Robert Moran was educated in the public schools of his native city.[4] As a young man he attended Public School 100 in The Bronx before leaving to take a factory job. He took real estate courses at the Young Men’s Christian Association and attended night school at New York University for two years. Moran entered the real estate business in The Bronx and among the many operations with which he was connected was the construction of the Theodore Roosevelt Apartments on the Grand Concourse.[1]

Entry Into politics[edit]

Moran entered municipal politics in 1913, when Bronx Democrats selected him to run against the Fusionists in an aldermanic contest, which he won.[2] When Frank L. Dowling succeeded George McAneny as president of the Board of Aldermen, Moran was chosen to fill Mr. Dowling’s place as majority leader.[4] When Alfred E. Smith, later Governor of New York, was elected president of the Board of Alderman in 1916, Mr. Moran was made vice-chairman by the votes of his fellow-members and was re-elected to this position upon the reorganization of the board in 1917.[1] Moran automatically became president of the Board on January 1, 1918, when Mr. Smith resigned this position to assume the office of governor.[4]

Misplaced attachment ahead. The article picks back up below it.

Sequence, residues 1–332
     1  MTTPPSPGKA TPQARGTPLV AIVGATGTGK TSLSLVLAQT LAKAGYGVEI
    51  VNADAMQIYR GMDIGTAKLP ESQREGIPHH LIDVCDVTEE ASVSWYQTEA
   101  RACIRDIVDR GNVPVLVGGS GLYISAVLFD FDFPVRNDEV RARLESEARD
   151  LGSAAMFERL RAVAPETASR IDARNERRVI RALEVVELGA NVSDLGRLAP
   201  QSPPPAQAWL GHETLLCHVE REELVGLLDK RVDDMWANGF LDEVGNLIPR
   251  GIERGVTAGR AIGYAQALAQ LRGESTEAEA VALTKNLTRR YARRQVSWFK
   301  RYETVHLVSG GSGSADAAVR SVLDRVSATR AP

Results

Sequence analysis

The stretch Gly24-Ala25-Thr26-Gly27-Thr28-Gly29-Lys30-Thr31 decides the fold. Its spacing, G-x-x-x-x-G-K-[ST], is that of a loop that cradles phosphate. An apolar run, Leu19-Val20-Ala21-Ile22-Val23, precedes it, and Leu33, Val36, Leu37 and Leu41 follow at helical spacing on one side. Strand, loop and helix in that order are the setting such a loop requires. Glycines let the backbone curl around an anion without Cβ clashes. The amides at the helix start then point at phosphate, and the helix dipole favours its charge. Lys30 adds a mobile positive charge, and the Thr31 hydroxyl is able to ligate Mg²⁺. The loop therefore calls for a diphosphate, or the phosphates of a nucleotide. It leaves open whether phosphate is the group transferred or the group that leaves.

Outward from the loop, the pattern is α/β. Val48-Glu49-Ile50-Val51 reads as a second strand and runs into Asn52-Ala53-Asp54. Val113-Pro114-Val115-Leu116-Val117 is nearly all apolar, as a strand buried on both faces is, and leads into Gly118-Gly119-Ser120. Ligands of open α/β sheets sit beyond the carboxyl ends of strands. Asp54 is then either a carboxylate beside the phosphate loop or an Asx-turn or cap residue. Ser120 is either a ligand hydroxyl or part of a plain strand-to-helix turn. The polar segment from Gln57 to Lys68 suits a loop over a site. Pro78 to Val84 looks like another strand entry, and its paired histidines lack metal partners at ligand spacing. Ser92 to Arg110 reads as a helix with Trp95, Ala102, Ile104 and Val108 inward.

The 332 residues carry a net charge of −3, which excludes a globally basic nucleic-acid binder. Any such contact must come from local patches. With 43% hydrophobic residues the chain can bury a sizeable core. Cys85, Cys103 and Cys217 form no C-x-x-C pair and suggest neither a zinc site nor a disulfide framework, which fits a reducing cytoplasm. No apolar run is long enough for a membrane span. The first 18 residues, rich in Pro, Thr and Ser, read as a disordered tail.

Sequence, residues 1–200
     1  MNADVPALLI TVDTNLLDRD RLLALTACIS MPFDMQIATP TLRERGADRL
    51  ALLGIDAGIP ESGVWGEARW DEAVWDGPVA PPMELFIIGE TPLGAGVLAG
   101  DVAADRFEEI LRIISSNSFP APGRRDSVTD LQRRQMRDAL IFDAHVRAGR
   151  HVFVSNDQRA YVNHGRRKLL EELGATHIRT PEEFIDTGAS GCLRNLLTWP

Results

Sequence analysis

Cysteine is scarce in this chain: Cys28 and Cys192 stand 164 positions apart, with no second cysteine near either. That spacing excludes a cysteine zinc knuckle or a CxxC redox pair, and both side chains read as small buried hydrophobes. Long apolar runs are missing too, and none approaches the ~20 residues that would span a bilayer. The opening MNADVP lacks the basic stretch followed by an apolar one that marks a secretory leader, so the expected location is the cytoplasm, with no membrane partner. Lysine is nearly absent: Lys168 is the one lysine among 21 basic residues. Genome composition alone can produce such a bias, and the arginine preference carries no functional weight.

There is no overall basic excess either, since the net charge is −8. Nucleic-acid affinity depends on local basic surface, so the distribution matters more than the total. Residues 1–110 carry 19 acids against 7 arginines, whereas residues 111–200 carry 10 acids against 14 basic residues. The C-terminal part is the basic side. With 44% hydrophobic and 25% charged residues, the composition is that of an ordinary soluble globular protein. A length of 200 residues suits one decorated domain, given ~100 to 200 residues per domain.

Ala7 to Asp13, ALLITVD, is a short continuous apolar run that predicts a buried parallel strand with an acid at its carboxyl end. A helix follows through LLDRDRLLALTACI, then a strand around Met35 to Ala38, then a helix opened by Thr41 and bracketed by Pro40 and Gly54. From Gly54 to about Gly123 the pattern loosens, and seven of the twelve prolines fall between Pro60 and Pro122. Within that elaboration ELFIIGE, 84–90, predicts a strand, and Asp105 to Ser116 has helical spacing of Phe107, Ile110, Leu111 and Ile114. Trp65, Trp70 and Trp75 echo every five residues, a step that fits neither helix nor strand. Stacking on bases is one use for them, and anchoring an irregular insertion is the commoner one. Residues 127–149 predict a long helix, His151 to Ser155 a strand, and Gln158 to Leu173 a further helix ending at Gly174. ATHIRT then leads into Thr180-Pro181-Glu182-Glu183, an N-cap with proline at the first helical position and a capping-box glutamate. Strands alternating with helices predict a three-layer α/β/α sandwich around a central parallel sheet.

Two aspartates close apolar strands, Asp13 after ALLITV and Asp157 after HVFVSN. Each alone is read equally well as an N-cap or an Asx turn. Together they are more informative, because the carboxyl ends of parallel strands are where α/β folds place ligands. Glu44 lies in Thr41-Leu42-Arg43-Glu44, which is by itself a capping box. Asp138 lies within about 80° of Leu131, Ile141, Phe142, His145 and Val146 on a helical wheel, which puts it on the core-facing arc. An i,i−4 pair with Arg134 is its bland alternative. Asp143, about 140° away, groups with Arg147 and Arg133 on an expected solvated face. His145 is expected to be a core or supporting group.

President of the Board of Aldermen and Acting Mayor 1918-1920[edit]

As president of the Board of Aldermen, Mr. Moran was acting mayor on many occasions.[2] During his tenure, Moran organized the League for the Preservation of Sunday Recreation [5] and presided over the amending of the New York City Code of Ordinances to allow for the playing of baseball games and showing of movies on Sunday.[6] He made possible the condemnation and acquisition by the City of the principle street-surface railroad companies[7] and he opposed the introduction of "transfer charges" and higher subway fares.[8] He created the Bureau of Steam Heat Supply and established a municipal steam heating plant to supply heat at reasonable prices to the citizens of New York.[9] Moran was also instrumental in approving construction of the 125th Street Bridge in Harlem,[10] the construction of a public boathouse at Central Park, as well as public bathhouses at Pelham Bay Park and Coney Island;[11]